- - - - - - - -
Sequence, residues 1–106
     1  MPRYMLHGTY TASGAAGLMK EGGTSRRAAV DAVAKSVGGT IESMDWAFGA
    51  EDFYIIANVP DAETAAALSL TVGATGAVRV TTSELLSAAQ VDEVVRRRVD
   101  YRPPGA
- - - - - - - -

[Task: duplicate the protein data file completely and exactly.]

Sequence, residues 1–106
     1  MPRYMLHGTY TASGAAGLMK EGGTSRRAAV DAVAKSVGGT IESMDWAFGA
    51  EDFYIIANVP DAETAAALSL TVGATGAVRV TTSELLSAAQ VDEVVRRRVD
   101  YRPPGA